Online Educational and Enriching Winter Season Activities

By Ricky Vigil, Youth Services Afterschool Program Coordinator

It seems like forever since the school year kicked off in late August and youth involved in the Afterschool Programs at Youth Services have been waiting for winter. While the change of season is nice students can still be encouraged to find enriching activities rather than sleeping and zoning out in front of their TV’s. Multiple studies have shown that summer learning loss is a huge issue faced by students regardless of their socioeconomic situation and grade level, with the average student losing about a month’s worth of learning competency throughout the three month summer break every school year. While little research has been conducted on the two weeks students customarily spend out of class at the end of each calendar year, exercising one’s brain can never be a bad thing. Here are several fun activities and websites that may not be as in-depth as an average day of school, but may help keep students sharp throughout the winter months.

codeHour of Code (code.org): Launched in 2013, Code.org seeks to instill a love (and understanding) of computer into young students. Through a number of interactive coding activities that ramp up in difficulty, students can explore the worlds of Frozen, Minecraft, Star Wars and more as they solve puzzles through some lightly-camouflaged computer programming. Hour of Code has become a go-to activity in our Afterschool Program for students looking for something to do after finishing their homework, and is a great resource for gently introducing coding into students’ skill sets and interests.

STEM-LOGO-FINALHoliday Themed STEM Activities: This list of activities curated by local librarians features some fun and easy exercises utilizing materials you already have at home. Most of these activities are geared towards younger students, so they might need help of their parents or older siblings—which is a good thing! Even if you aren’t scientifically minded, discovering how things work and learning to admit that you don’t know something are crucial skills that may be gained from this activity by kids and parents alike.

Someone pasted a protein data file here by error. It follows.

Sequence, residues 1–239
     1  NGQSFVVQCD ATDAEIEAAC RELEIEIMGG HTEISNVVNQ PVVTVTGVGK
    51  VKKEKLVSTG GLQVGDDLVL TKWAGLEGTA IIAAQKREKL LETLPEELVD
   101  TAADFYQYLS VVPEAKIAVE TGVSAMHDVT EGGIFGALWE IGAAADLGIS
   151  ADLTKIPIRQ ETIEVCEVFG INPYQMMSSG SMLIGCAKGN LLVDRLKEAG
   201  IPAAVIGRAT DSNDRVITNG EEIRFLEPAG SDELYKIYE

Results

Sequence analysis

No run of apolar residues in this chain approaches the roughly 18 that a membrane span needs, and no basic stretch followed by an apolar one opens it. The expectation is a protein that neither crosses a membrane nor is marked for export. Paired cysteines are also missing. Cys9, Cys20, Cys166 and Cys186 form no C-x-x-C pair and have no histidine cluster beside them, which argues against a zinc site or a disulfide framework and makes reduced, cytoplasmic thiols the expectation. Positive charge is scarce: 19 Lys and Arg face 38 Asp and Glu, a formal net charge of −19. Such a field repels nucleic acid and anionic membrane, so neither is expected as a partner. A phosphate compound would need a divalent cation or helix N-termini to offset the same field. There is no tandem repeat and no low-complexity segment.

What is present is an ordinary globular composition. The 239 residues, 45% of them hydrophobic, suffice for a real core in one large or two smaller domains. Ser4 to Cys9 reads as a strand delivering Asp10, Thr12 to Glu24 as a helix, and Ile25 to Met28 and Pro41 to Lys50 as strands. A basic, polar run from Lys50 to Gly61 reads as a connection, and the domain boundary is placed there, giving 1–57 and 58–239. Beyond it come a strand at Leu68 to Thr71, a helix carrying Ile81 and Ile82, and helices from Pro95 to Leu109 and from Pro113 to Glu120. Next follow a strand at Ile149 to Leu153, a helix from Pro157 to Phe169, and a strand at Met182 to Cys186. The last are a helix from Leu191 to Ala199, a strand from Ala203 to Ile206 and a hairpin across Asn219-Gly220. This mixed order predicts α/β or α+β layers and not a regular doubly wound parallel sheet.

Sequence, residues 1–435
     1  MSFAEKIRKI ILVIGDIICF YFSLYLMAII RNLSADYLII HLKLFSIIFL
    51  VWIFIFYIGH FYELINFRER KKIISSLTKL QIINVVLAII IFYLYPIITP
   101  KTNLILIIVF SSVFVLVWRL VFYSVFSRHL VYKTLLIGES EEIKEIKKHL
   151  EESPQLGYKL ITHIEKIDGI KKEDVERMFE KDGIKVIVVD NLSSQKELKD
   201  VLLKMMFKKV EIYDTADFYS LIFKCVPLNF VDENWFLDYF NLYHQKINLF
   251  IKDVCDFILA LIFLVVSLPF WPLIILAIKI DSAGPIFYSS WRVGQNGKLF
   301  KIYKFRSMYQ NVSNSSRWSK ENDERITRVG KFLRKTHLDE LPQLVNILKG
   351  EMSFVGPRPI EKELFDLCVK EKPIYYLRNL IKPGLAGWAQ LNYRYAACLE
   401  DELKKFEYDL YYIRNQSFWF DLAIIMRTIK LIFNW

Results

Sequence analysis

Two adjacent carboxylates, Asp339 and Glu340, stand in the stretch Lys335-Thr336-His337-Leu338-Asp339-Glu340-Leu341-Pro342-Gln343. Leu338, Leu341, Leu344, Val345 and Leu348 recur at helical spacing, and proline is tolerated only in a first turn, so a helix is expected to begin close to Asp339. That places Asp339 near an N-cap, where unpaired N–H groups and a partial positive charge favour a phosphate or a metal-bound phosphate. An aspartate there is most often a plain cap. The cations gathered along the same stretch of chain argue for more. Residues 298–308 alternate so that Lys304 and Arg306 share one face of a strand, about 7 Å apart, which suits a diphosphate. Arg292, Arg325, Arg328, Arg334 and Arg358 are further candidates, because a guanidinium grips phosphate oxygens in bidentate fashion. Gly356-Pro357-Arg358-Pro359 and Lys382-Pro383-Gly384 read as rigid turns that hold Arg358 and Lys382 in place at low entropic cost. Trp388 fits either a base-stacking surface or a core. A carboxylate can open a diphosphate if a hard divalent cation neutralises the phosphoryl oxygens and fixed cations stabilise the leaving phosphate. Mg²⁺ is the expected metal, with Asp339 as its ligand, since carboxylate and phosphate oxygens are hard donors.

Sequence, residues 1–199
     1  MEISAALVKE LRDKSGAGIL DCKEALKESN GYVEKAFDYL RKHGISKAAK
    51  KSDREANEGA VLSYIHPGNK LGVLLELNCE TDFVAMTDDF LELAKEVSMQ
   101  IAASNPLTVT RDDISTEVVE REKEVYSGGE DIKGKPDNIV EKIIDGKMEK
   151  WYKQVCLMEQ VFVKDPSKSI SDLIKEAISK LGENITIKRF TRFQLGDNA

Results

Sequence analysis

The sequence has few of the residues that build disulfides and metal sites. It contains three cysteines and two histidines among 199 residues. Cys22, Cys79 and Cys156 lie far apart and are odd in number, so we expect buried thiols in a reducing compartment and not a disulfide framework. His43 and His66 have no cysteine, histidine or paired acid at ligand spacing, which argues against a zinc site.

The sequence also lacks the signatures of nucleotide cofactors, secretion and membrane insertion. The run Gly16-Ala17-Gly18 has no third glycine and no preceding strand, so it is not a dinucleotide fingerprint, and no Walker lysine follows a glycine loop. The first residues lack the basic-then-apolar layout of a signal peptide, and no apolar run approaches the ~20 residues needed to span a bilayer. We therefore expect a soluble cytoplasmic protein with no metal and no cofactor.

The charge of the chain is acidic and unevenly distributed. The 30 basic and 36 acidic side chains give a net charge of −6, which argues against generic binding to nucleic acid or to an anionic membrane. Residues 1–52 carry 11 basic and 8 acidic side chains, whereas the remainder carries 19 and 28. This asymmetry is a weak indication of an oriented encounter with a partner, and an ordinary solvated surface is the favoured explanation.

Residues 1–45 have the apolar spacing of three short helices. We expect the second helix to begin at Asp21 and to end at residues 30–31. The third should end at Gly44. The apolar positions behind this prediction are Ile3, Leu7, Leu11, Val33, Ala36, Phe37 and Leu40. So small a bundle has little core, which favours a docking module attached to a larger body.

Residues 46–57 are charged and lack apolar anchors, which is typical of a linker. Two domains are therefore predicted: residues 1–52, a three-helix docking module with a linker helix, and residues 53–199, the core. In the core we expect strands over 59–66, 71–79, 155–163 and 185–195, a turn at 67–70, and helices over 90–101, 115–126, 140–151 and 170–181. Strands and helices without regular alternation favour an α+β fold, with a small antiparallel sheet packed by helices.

Mental Floss: Why?: A slightly more high-brow version of popular list-based websites such as Buzzfeed, Mental Floss has curated a section intended to answer some common questions from curious kids. Ranging from age-old stumpers such as “Why is the sky blue?” to equally valid yet slightly more gross questions about bodily functions, this section of the website is a great way for kids to get answers about these questions as well as think of questions for themselves. Mental Floss also has some great quizzes and brain teasers for older kids, though, as with so many websites on the internet, you may fall into a blackhole of funny animal pictures from which you may never escape.

Jeopractice: Compiling over 30-years’ worth of questions from the venerable quiz show, Jeopractice is a great way to test the trivia knowledge of teens and adults alike. Unlike the questions from popular trivia apps such as Trivia Crack or websites like Cahoot, these questions are official Jeopardy! questions, meaning that they have been fact checked and won’t steer quiz-takers astray.

2000px-Star_Wars_Logo.svgThe Science of Star Wars: Star Wars is hard to escape, and while many websites will be focusing on deconstructing every scene, National Geographic has this insightful article about real-life science inspired by the sci-fi juggernaut. It’s a fun read, and a great way to parlay interest in Star Wars into some real life interest in science.

As always, the Internet can be our greatest ally in learning and productivity as well as our greatest enemy in procrastination, so make sure that your student isn’t falling to the dark side. The winter months are crucial for revitalization and relaxation, but students will be able to sprinkle some discovery and brain exercise into the mix as well.

For more information about all of Salt Lake County Youth Services Afterschool Programs please call 385-468-4500 or visit www.youth.slco.org.

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This entry was posted in After School Program, Communication Tips, Family Activities, Internet and Technology, Parenting Tips, SLCO. Bookmark the permalink.

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